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American Lutheranism by Friedrich Bente


75. Harbors Reformed Views on Lord's Supper. -- The charges against David Henkel as to his teaching the Romish doctrine of transubstantiation, referred to above, had been lodged with Pastor Shober, then secretary of the North Carolina Synod. When David Henkel complained that his accusers were not named, Shober, who had never forsaken his Moravian views, wrote him a letter, dated October 20, 1818, which at the same time reveals that, as to the Lord's Supper, his were the views of the Reformed. For here we read: |Your very long epistle, proving that Christ is with His body every where present, is excellent on paper, but not so in the pulpit, where seven-eighths of the hearers will gaze at the profound erudition and one-eighth of such as reason will shake heads at a thing to be believed, but not explainable, and to none will it effect conviction of the necessity of spiritual regeneration and of adopting Him as their God and Savior crucified.| |I must assure you that creditable people of our Church and the Reformed have not only heard you advance that whosoever is baptized and partakes of the Supper wants no other and further repentance, but also that whosoever teaches other doctrine, he is a false teacher. This, my dear sir, is making people secure in forms and not in realities. How easy is it to go to heaven, for an adulterous heart to be absolved by Mr. Henkel, and as a seal to receive from Mr. Henkel the Sacrament, who by his few words made bread body and wine blood -- and such a holy divine body, without limitation of space, as is compelled to enter into all substances and beings, whether they will or not, so that a Belial, when he receives it, must thereby be made an heir of heaven. No, no, I cannot believe in such theories, and as I told you once at my home when you returned from Virginia and asked me on that subject, so I think yet, and say that when Mr. Henkel consecrates bread and wine, it is the body and blood of our Savior to such with whom He can unite; but to those who are not of pure heart and yet partake, and that with reverence, the spirituality of the true essence does not unite with their souls; they eat bread and wine, for they have not such a faith, love, and humility as enables them to possess the divine essence. And those that partake without reverence, light-minded, and during the ceremony disdain the simplicity of the institution, mock and deride it, they bring judgment upon themselves for eating and drinking the consecrated elements, but not for partaking [the] body and blood of Jesus, for they have not partaken thereof. God and Belial cannot unite. Do, pray, reflect deeply on the subject, and assure to all peace in heart, and those of contrite spirit that the Lord in the Sacrament will unite with them spiritually and seal their heavenly inheritance. But invite them all to come and partake that revere the Savior as God, and assure them that, if they approach with reverence, it may be made the means of viewing the condescending love of God ready to unite with them, and their own depravity, which will or may make them cry, and, if pure in heart, obtain mercy.|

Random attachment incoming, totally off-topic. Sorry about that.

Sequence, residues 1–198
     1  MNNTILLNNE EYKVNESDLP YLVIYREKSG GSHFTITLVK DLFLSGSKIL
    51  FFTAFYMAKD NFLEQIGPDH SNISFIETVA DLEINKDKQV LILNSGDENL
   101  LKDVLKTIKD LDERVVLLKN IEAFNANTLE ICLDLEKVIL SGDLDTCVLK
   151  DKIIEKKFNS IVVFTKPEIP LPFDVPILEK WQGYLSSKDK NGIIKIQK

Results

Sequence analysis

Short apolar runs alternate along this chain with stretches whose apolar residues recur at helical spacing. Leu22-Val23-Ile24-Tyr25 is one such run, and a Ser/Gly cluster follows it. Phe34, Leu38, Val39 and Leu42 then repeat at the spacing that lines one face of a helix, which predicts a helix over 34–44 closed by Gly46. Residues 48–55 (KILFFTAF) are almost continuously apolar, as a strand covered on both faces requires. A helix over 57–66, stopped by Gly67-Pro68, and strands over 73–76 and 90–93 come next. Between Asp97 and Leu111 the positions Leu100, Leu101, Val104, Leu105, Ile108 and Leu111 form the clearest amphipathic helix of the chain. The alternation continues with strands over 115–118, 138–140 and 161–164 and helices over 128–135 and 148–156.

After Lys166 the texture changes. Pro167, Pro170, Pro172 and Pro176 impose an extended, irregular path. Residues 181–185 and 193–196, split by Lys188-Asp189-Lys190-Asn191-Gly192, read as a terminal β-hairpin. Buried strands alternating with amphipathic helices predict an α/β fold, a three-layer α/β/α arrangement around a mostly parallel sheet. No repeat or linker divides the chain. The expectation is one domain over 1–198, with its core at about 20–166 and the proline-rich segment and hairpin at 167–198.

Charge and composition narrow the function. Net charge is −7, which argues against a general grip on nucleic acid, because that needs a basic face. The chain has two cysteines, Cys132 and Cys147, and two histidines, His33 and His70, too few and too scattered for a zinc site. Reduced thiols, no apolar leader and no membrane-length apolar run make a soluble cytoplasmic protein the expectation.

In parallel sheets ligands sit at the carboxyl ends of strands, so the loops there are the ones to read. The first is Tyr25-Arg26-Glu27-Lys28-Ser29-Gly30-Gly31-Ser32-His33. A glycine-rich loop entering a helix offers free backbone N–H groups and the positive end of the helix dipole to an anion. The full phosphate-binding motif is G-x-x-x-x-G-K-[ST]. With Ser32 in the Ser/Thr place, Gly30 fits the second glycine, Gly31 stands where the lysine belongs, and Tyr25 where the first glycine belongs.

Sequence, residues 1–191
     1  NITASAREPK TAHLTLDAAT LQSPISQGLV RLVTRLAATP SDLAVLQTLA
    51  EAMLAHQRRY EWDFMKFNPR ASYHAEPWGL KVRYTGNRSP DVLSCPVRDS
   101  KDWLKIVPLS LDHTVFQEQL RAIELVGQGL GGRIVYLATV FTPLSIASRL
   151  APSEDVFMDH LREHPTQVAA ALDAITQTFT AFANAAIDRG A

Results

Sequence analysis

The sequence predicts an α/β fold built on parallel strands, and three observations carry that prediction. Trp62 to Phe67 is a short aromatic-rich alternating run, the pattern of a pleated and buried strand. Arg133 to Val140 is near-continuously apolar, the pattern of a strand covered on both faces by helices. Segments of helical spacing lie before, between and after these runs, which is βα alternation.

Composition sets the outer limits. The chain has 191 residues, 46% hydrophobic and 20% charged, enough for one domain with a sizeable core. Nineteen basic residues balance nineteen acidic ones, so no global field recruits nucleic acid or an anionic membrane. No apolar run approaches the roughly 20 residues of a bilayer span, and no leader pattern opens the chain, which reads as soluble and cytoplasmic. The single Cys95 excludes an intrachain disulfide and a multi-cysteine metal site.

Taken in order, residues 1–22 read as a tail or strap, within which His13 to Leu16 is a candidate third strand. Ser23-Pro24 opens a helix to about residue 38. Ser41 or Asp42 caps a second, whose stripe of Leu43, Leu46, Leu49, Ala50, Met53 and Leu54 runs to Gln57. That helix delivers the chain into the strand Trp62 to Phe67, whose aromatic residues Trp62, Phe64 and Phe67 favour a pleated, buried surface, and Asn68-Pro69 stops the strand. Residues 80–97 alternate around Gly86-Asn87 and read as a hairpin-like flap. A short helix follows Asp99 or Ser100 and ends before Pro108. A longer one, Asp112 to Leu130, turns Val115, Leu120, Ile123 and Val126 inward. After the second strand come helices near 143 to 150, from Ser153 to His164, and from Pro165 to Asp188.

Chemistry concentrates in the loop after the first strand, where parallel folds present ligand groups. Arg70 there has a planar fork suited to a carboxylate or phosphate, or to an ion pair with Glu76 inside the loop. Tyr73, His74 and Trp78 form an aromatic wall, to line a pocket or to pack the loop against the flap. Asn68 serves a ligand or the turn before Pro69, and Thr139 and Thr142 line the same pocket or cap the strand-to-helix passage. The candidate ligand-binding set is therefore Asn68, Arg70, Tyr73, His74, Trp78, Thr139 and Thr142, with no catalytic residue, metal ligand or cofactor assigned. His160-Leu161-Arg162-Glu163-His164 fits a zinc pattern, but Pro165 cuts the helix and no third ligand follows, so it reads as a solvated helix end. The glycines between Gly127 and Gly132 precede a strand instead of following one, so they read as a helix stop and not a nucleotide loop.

76. Slandering David Henkel. -- What the Henkels, as early as 1809, had taught on the Lord's Supper, appears from a pamphlet published in that year at New Market, in the printery of Henkel. Here we read as follows: |But Paul teaches us that the bread which we break in the Lord's Supper is the communion of the body of Christ, and the cup of blessing with which we bless is the communion of the blood of Christ. If our bread and wine has communion with the body and blood of Christ, then it also must be what our dear Lord Himself calls it in the institution: His body and His blood.| (680.) This genuinely Lutheran doctrine it was that also David Henkel had been preaching, and which his opponents who charged him with Roman aberrations called transubstantiation, impanation, or consubstantiation. And true to his Reformed traditions, Shober continued in his endeavors to slander David Henkel as a Crypto-Papist. This compelled Henkel to make the following explanation in 1827: |The ministry of the North Carolina Synod are charged with denying the most important doctrine of the Lutheran Church, and have been requested to come to a reciprocal trial, which they have obstinately refused. . . . Those ministers, as it plainly appears, entertain a strong personal prejudice against me, and have asserted many charges with respect to my personal conduct, as well as with respect to my doctrines. What shall I say? Have I not heretofore offered them a reciprocal trial, even as it respects personal conduct? Why did they not accede to it? They are truly injuring their own reputation when they speak many evil things of me, in order to render me ridiculous, and an object of persecution, and yet are unwilling to confront me and prove their accusations by legal testimony. . . . I wish a reciprocal forgiveness. But as it respects the difference with respect to doctrines, it is necessary to be discussed, as that respects the Lutheran community. Mr. Shober has most confidently charged me with teaching 'that if a man only is baptized and partakes of the Lord's Supper, [he] is safe; and that I call those enthusiasts and bigots who insist upon further repentance and conversion.' Again he charges me with openly supporting the Roman doctrine of transubstantiation, and of forgiving sins like the papists pretend to do. Now I positively deny these charges as being true, and if Mr. Shober does not confront me and prove these charges by a legal testimony or testimonies, what can I otherwise, agreeably to the truth, call him but a calumniator, or one who bears false witness against his neighbor? I do not believe that any man in the United States (or, at least, I have never heard of any) teaches that, if a person only is baptized and receives the Lord's Supper, [he] is safe exclusive of repentance. What a puerile conduct some men manifest in trying to prove that the doctrine with which Mr. Shober has charged me is erroneous, when no man nor class of men contend for it! They are all the while fighting their own shadows. If the reader will take the trouble to read my book entitled, 'Answer to Mr. Joseph Moore, the Methodist; with a Few Fragments on the Doctrine of Justification,' he may readily see whether I maintain the doctrines with which I am charged, or whether I deny regeneration and the influence of the Holy Spirit. Again, as little as I believe the doctrine of transubstantiation, so little do I believe that of consubstantiation. A perusal of the book just now mentioned will also satisfy the reader on this subject.| (Tenn. Rep.1827, 48.)